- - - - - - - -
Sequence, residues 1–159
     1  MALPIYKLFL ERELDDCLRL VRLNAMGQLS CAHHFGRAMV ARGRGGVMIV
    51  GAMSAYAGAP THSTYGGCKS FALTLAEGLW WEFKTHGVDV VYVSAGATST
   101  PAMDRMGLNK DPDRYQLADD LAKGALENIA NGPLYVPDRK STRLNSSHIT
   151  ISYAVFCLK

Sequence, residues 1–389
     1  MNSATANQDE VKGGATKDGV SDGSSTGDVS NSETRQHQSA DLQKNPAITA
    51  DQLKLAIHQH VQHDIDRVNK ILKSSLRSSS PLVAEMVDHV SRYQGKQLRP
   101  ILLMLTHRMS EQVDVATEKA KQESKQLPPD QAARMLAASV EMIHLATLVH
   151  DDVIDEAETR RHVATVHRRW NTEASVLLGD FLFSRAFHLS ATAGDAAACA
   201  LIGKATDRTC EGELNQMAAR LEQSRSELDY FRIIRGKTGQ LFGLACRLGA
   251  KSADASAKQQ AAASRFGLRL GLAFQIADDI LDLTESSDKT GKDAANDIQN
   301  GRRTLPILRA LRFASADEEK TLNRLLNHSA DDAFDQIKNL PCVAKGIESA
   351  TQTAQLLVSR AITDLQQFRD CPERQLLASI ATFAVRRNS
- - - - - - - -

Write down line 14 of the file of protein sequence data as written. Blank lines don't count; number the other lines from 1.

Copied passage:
   351  TQTAQLLVSR AITDLQQFRD CPERQLLASI ATFAVRRNS